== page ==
In the Post #156: the xx return with ‘I See You’ album taster ‘On Hold’

By on Tuesday, 22nd November 2016 at 12:00 pm
 

the xx first burst on the scene nearly a decade ago as dream pop misfits. Touring as support for their Beggars Group peers Friendly Fires, it was hard to see that superstardom loomed on the horizon for this unconventional band with complementary male and female lead vocals. Yet the music from their 2009 self-titled and Mercury Prize-winning debut album released on Young Turks proved irresistible to tv sync producers and the media alike, their songs appearing on promos for NBC’s coverage of the 2010 Winter Olympics in Vancouver and the BBC’s coverage of the 2010 general election. Soon, they were selling out venues with no trouble at all, and their was on everyone’s lips.

Their sophomore album, 2012’s ‘Coexist’, garnered top marks from nearly every music review outlet across the board. Then there was a strange and unexplained silence. I’d argue that their mention in spring 2014 that they were working on album #3 was simply dangling a carrot and doing no-one any favours; to me, you’ve got new music or you don’t, don’t play with the emotions of your devoted fans. In summer 2015, their beats master Jamie Smith who is professionally known as Jamie xx released his debut album ‘In Colour’. In a surprise move, exemplary single ‘Loud Places’ and ‘SeeSaw’ from the album featured the vocals of his xx bandmate Romy Madley-Croft, who with other xx member Oliver Sim were seen posing in a photo on Instagram with Smith. Were the xx on their way back to us?

So, xx fans, you’ll be pleased to know that their third album ‘I See You’ will be released on the 13th of January 2017 on Young Turks. The week of the election, I really wasn’t in the right mindset to listen and to appropriately deliberate on the their new song to preview their new LP. A week and a half after its unveiling, I’m ready now, and I can’t help but be discoursed by what I hear. In a weird instance of art imitating life, it seems that in music that assimilation, instead of celebrating differences and pushing boundaries, is the chosen route to success.

‘On Hold’ is not about a phone conversation but a relationship that was put on the back burner, with the principals sadly finding out that love can’t thrive in a vacuum. Neglect, as some of us have learned firsthand, often strikes a bond of love stone cold dead. The best part of the song are Madley-Croft and Sim’s trademark gently competing vocals, but the painful rhymes built into this song (“when or where did we go cold / I thought I had you on hold”) are cringeworthy. The beats of Jamie xx, while fun, dance floor worthy and I guess a nice segue on from ‘In Colour’, fill up what always was welcome negative space on past xx efforts. I view this as a major misstep. The most important graphic artists of modern times weren’t afraid of negative space. They were viewed as revolutionaries because they didn’t follow everyone else. And sometimes – and especially in these volatile times – the world needs artists confident enough to go against the grain. I don’t hear anything in here that makes me go “wow!” or “that’s amazing!”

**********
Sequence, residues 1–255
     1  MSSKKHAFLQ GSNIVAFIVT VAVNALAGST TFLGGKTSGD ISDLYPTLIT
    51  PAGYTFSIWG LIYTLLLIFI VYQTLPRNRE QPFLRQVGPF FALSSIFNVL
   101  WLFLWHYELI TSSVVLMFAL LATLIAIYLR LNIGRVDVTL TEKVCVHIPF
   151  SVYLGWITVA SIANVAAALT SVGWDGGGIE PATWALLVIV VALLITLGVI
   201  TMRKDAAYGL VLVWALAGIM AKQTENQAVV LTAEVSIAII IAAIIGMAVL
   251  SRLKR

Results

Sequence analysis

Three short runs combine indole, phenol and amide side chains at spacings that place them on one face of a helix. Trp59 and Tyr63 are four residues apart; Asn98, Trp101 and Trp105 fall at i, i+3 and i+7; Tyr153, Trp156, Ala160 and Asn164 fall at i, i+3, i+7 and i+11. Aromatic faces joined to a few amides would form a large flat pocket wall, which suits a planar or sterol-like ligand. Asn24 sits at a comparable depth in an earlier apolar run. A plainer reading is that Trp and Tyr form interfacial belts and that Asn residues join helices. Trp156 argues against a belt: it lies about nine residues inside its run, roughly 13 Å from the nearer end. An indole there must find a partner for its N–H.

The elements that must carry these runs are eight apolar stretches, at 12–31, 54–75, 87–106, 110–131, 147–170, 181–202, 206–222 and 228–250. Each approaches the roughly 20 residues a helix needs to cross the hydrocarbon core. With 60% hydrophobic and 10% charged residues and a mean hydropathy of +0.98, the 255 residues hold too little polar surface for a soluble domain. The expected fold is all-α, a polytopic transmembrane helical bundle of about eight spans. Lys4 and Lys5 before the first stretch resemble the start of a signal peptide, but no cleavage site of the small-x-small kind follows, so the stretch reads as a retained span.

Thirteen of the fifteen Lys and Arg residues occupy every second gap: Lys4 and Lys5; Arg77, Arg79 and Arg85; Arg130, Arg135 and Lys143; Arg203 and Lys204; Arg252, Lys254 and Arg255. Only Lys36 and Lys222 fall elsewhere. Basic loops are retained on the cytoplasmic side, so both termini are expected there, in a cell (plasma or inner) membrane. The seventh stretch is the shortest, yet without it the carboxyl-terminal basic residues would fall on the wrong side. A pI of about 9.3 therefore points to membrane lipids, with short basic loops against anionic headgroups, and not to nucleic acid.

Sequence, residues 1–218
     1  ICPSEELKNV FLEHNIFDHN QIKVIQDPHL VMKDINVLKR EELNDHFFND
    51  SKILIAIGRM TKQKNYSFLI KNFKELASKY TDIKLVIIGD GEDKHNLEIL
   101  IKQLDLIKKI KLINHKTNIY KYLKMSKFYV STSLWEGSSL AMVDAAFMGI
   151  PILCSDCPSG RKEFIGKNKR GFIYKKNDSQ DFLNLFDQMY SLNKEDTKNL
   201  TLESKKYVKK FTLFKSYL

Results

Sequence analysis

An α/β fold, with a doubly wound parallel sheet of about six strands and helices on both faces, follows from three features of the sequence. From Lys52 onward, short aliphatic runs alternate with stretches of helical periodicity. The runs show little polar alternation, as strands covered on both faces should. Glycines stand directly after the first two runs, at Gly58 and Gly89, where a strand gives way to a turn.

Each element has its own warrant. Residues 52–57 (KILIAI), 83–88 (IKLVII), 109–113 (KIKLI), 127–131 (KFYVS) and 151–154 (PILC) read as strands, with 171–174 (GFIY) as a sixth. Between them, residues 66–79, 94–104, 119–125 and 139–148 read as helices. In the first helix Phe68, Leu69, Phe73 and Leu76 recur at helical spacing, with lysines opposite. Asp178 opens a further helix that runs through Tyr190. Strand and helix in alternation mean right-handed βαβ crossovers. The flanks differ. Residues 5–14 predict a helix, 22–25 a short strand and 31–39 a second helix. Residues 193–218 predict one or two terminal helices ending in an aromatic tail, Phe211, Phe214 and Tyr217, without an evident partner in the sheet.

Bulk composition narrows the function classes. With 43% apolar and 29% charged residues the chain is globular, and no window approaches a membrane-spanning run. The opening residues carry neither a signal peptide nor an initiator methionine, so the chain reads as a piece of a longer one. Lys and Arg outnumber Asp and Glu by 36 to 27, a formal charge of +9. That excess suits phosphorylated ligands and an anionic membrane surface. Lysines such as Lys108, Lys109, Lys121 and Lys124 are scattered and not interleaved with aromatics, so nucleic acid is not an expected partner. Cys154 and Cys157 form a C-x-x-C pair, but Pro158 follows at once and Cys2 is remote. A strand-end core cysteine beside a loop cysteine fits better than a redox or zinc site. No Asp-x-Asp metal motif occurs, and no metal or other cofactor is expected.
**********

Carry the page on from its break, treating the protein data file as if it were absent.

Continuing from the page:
The band were the musical guests on this weekend’s Saturday Night Live; NME noted how awkward the group looked onstage at 30 Rock in their goth cowboy attire. Not exactly . Maybe their misfit personalities that we fell in love in the beginning will become more prominent on the rest of ‘I See You’? Here’s to hoping…

6.5/10

Stay tuned for the xx’s third album ‘I See You’, which is due for release on the 13th of January 2017. An audio stream version of ‘On Hold’, the lyrics noted in the comments in ‘screaming’ capital letters, is available below. For much more of TGTF’s coverage of the xx, use this link.

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There Goes The Fear is where we tell you about the latest music, gigs, and tours we love and think you should too.

We love music that has its heart on its sleeve, tells a story, swims around our head all day or makes us dance like no-one's watching.

TGTF is edited by Mary Chang, who is based in Washington, DC. She is joined by writers in England, America and Ireland. It began as a UK music blog by Phil Singer in 2005.

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